As you can imagine, when using this bunch-wise system, the first stitch to be knit is separated from its left-hand neighbor by very little distance, while the last stitch of the bunch is drawn very far from its neighbor--a neighbor being held back to be the first stitch of the next bunch. Similarly, the first stitch of the bunch to climb aboard the right-hand needle is held a fair distance away from its right-hand neighbor--the last stitch of the old bunch--while the last stitch to climb aboard is jammed and crammed up against the other stitches newly-made in the same bunch.

The evil is that the running yarn--the yarn coming from the skein--has to run a further distance between stitches in widely-separated bunches than between stitches of the same bunch.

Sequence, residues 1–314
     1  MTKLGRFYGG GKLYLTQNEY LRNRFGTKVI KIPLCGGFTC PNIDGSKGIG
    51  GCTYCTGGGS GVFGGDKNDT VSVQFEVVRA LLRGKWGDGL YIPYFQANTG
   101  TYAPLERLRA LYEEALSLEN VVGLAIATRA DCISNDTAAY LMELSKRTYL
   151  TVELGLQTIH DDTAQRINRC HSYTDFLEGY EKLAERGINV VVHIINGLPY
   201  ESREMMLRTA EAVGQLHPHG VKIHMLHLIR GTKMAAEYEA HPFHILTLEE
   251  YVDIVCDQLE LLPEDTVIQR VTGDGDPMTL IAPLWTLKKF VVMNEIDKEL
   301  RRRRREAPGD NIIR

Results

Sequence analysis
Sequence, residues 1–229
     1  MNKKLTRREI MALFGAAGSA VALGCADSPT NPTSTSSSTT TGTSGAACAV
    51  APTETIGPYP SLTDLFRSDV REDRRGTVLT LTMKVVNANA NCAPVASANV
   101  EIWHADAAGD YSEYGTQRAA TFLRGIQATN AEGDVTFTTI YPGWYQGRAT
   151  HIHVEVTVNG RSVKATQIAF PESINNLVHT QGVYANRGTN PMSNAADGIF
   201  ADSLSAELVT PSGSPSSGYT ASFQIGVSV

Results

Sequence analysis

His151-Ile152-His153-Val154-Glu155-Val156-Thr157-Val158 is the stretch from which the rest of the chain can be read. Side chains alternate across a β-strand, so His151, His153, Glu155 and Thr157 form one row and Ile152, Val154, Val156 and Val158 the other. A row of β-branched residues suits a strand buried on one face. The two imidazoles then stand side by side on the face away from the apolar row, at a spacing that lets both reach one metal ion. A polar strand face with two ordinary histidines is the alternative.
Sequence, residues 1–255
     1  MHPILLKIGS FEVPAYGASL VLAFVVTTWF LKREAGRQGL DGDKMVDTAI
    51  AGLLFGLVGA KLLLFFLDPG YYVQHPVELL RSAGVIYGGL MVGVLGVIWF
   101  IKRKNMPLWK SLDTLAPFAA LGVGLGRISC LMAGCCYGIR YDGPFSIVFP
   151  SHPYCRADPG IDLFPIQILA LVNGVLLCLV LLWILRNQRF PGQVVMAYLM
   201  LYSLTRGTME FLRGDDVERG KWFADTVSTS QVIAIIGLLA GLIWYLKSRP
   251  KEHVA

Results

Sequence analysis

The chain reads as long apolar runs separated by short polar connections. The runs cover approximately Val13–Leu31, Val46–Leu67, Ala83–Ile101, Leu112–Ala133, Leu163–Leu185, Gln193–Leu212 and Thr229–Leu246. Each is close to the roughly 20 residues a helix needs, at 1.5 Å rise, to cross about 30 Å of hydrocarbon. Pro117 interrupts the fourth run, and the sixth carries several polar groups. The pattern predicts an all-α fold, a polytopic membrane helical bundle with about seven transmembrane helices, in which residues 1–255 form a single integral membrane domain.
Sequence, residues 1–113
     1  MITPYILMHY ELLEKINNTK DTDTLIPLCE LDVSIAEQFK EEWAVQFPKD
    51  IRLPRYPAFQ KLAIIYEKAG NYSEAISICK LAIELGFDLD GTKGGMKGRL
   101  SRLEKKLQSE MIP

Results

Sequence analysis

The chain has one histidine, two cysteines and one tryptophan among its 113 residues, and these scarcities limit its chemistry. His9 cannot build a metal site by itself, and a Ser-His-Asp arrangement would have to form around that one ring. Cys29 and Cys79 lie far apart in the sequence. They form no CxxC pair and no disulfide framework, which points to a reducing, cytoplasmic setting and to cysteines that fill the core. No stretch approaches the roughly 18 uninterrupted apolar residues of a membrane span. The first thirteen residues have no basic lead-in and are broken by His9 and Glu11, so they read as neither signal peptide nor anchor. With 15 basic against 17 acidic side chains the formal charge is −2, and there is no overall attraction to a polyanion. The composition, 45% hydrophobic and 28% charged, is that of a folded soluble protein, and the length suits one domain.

If this is a one-time random event--maybe the knitter was trying to get in a few last stitches before running for the phone--the result is the mysterious set of too-big stitches in the middle of an otherwise good row. This sort of problem can usually be blocked out: as the knitting flexes, the small amount of excess yarn stretches from one place to another.

However, when this sort of distortion is systemic, the fabric cannot recover. In other words, if the hand routinely takes bunches of roughly equal numbers of stitches, the fabric soon begins to distort into vaguely vertical columns, each column representing the width of the bunch-wise knitting. Fabric knit bunch-wise, where uneven amounts of yarn routinely lays between stitches in adjoining columns, is unlikely to ever lay smooth, not even when properly blocked.